Maybe you’ve seen an animal in the clouds on a summer’s day, a smiley in your bowl of cereal, or a face on burnt toast?
Seeing familiar objects or patterns in otherwise random or unrelated objects or patterns is a psychological phenomenon called Pareidolia (/ˌpær.ɪˈdəʊl.jə/).
Pareidolia is a type of apophenia, a more general term for the human tendency to seek patterns in random information.
Pareidolia was once considered a symptom of psychosis but is now recognized as a normal human tendency.1 We often assign human and animal characteristics to objects. Usually, this is simplified to people seeing familiar shapes, like faces, animals, cartoon characters, objects, and landscapes in random things like clouds, rock formations, shadows, nature or objects.
Why do we experience Pareidolia?
Our preception is not just based on the clues in front of us; our prior experiences strongly influence it. Pareidolia is an evolutionary remnant of our ancient survival mechanism.
A study published in the US National Library of Medicine explains that “a visual percept is inferred from often fragmentary and incomplete visual signals from the eyes through a process of unconscious inference.” 2 For example, a barely visible face emerging from the shadows can be recognized despite very little light received by the eye. The rest of the face in total darkness is inferred based on prior knowledge and expectations of what a face looks like. Illusory face detection is a common human tendency; we are particularly hardwired to see faces.
Carl Sagan, the famous astrophysicist, postulated that hyper facial perception results from an evolutionary need to recognize faces. In his book, The Demon-Haunted World, Sagan writes, “As soon as the infant can see, it recognizes faces, and we now know that this skill is hardwired in our brains. Those infants who a million years ago could not recognize a face smiled back less, were less likely to win their parents’ hearts, and less likely to prosper.” 3
Here’s another example.
Say you were a hunter-gatherer on the way back to your cave, walking through a rocky area where snow leopards often lurk. You notice a slight movement in the snow beside a rock. It could be the wind, but it might also be a big hungry cat. According to the evolutionary argument, the cautious ones, those who bet on it being a hungry Leopard (Type I error) and took defensive measures even though most of the time it might have been the wind (Type II error), survived to pass on their genes.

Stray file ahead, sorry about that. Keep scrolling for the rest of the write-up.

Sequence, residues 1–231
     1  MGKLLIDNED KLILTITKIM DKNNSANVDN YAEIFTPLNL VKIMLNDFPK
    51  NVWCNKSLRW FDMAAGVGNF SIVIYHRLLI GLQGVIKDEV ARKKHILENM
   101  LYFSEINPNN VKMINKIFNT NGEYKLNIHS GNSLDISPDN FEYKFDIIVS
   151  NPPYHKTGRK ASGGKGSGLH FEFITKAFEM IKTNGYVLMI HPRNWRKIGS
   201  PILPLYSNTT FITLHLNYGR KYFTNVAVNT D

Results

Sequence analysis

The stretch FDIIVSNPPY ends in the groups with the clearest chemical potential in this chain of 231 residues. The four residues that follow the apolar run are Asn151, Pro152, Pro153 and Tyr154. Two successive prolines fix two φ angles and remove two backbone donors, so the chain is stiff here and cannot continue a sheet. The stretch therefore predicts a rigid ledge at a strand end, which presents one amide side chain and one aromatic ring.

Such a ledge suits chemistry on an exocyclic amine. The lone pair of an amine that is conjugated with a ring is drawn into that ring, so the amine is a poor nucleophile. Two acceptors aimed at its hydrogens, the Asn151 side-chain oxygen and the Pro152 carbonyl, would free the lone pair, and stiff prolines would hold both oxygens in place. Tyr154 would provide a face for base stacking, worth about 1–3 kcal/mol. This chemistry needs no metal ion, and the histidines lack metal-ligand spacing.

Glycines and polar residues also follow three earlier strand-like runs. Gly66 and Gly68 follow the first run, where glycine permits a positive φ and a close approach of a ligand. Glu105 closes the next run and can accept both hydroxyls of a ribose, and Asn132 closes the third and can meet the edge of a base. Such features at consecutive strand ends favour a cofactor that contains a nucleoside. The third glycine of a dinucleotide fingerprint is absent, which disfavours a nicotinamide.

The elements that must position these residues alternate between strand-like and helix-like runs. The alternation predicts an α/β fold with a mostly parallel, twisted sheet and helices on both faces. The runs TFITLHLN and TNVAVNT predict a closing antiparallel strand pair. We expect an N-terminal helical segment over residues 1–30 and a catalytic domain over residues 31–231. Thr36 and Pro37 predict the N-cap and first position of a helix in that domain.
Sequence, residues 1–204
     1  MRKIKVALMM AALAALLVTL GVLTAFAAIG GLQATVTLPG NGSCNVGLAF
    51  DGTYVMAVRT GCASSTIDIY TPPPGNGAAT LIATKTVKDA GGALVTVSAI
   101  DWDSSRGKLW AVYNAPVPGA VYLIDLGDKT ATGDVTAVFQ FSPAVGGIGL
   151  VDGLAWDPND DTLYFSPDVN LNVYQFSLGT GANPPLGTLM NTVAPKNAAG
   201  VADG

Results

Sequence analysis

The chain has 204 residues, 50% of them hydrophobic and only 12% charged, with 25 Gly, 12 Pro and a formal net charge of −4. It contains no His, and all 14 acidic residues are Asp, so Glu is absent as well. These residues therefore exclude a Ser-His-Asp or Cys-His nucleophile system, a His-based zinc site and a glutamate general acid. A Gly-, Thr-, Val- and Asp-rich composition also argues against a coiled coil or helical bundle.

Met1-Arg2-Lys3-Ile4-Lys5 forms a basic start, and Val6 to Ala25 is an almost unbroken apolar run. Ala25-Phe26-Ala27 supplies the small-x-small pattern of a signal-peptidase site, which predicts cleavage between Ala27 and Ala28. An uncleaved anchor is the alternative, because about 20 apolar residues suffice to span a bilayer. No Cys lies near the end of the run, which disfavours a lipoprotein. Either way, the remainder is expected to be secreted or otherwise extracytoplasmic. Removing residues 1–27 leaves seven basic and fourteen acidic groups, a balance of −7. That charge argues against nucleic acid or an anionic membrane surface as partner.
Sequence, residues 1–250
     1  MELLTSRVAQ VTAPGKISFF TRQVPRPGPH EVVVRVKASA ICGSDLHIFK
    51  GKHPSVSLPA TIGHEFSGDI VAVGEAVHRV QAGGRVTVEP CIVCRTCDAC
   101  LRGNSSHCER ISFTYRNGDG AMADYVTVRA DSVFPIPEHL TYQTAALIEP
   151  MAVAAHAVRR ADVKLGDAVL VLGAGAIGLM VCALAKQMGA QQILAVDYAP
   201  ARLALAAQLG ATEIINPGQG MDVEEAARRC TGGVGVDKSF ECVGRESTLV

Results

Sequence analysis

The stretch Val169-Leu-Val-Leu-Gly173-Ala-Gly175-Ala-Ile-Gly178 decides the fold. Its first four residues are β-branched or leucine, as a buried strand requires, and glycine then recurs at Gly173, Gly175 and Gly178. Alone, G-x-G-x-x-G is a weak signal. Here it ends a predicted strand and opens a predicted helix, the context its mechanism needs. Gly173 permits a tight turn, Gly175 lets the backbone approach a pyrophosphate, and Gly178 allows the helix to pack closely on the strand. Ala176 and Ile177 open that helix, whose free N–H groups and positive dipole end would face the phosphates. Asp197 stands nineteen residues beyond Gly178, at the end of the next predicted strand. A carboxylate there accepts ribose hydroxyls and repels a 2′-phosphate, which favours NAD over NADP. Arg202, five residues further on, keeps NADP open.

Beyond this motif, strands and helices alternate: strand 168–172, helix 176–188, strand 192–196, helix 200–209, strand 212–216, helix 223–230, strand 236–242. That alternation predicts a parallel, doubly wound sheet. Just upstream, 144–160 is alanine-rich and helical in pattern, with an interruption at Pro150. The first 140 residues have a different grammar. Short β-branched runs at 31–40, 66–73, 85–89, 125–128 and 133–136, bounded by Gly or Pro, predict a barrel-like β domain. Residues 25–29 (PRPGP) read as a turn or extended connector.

The evolutionary reason for our tendency to believe a false positive (Type I error) was the cost of mistakenly accepting a false negative (Type II error).
We are descendants of the cautious ones.
Pareidolia and creativity
Pareidolia can fire up the imagination,
Many contemporary and renaissance artists have used Pareidolia in their paintings and drawings; Andrea Mantegna, Giotto, Hans Holbein, and Giuseppe Arcimboldo have shown images—often human faces—that, due to Pareidolia, appear in objects or clouds. 4
Leonardo Da Vinci used Pareidolia for creative inspiration. In his notebooks, Leonardo da Vinci wrote of Pareidolia as a device for painters. 4
“If you look at any walls spotted with various stains or with a mixture of different kinds of stones, if you are about to invent some scene, you will be able to see in it a resemblance to various landscapes adorned with mountains, rivers, rocks, trees, plains, wide valleys, and various groups of hills. You will also see divers combats and figures in quick movement, strange expressions of faces, outlandish costumes, and an infinite number of things which you can then reduce into separate and well-conceived forms.”Leonardo Da Vinci
Many living artists, me included, still use Pareidolia for inspiration and creation.
Pareidolia can describe how our ancient ancestors connected the dots and came up with imaginative patterns we know as constellations. Now that we are primed, we can quickly see a lion in Leo, a scorpion in Scorpius, or a hunter in Orion.
Pareidolia can be fun and relaxing.
When you are tired of scanning through all the stories and videos on your social channels or have some time, use Pareidolia to entertain and relax.
Use the moment to see, hear and feel your surroundings. Try to see and hear imaginatively like a child, unconstrained by grown-up rules.
Perhaps the sunlight coming into your room from behind the trees creates shadow characters on your wall or the patio umbrella creaking in the wind sounds like you are on a creaking dock by the lake (Auditory Pareidolia).
Look up at the sky, and count how many animals you can see in the clouds. Or, if you are driving, glance at your rearview mirror and see if the car behind you looks happy, angry, or sad.
Try the exercise; it can distract you from your stresses and relax you. Mindfulness is about being in the moment; this helps you practice mindfulness.
I have always enjoyed this exercise; I find it meditative.
Mazarine is an artist, mindfulness practitioner and author of Mysteries In Colour, the art workbook, and Mysteries In Colour, social playshops and corporate workshops that utilize Pareidolia, a psychological phenomenon.